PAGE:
Do we have to obey our masters even when we believe they are wrong?


Clarify Share Report Asked June 13 2016 Mini Navaulioni RAVAI

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Mini Tim Maas Retired Quality Assurance Specialist with the U.S. Army
To me, the use of the term "masters" in the question appears to imply the type of master-slave relationship that existed in the Roman Empire at the time that Paul wrote his epistles, and that Paul addressed in passages such as Colossians 3:22-24.

However, in my opinion, the type of absolute, unquestioning obedience expected of a slave to a master (as well as the master's absolute control over a slave) would not necessarily apply today between two adults (even between a parent and an adult child). There should at least be the possibility for discussion and clarification of requests made of superiors to their inferiors in a hierarchical organization, and arrival at an agreeable compromise as to a course of action to be followed.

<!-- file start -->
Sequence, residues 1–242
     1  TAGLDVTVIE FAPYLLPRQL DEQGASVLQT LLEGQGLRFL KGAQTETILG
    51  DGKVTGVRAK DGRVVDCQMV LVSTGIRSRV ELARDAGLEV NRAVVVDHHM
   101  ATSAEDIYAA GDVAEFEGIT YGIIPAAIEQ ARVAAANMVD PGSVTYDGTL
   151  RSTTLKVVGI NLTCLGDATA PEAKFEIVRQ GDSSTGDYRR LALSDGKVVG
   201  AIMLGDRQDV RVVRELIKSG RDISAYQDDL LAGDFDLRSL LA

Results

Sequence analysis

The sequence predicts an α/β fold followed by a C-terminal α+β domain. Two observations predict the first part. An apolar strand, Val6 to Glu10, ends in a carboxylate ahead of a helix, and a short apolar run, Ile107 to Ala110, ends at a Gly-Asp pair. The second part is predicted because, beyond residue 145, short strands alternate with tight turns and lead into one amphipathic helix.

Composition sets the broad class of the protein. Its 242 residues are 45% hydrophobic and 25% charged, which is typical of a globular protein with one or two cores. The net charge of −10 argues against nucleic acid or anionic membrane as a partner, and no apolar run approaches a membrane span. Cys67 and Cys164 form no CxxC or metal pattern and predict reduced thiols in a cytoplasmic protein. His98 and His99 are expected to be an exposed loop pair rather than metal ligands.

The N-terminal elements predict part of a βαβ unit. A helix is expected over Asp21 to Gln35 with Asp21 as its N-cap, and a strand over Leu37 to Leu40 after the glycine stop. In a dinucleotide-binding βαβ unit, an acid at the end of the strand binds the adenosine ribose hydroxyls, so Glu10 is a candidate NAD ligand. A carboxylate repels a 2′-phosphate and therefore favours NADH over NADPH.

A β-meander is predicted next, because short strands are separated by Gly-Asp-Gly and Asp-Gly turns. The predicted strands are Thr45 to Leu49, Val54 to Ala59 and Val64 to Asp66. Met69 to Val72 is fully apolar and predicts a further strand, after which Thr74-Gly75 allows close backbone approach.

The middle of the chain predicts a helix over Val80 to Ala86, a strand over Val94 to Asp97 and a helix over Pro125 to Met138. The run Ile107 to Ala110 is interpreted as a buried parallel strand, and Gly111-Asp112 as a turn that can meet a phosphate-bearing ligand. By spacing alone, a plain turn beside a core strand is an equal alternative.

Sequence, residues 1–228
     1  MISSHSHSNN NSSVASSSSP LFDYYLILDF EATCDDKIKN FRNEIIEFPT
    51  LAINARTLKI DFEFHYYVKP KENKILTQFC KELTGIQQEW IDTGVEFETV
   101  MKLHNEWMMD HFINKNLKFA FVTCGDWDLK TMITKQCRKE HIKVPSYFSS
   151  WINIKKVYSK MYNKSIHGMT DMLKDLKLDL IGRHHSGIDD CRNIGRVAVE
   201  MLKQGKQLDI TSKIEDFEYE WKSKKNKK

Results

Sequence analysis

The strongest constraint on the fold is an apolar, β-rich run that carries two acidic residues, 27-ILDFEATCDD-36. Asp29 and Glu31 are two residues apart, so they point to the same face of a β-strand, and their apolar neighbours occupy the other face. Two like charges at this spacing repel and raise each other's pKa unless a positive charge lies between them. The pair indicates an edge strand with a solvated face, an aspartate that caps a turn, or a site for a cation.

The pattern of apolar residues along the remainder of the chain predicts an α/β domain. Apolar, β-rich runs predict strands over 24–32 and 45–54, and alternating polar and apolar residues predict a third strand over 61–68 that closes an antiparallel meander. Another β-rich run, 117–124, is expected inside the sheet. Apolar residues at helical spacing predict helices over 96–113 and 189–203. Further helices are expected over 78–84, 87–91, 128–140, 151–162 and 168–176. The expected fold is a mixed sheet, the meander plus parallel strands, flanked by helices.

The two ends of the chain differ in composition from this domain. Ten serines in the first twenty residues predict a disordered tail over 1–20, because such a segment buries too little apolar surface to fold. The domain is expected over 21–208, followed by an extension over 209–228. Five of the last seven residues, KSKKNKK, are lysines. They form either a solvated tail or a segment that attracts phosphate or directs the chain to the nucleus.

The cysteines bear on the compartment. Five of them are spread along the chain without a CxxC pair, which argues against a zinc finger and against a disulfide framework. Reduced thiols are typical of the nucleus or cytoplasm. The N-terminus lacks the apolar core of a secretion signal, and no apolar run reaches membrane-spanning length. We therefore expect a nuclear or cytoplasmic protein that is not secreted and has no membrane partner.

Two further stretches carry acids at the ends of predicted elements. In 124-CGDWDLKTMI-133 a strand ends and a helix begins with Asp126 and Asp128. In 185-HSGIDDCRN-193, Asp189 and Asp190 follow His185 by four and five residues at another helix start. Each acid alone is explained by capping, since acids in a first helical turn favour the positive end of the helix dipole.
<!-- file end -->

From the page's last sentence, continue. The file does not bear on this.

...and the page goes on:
Nevertheless, in my opinion, in dealing with requests or demands made by those superiors that are within their rightful sphere of authority, it would appear to me that it would be the duty of a Christian to carry them out (per Paul's counsel), unless the Christian would feel that obedience would somehow violate a moral precept of Christianity. In that case, the alternatives would be for the Christian to pursue redress within the organization, or else resign from the position, after which the Christian would no longer be constrained either in obeying, or in reporting the superior's practices to legal authorities.

June 14 2016 1 response Vote Up Share Report

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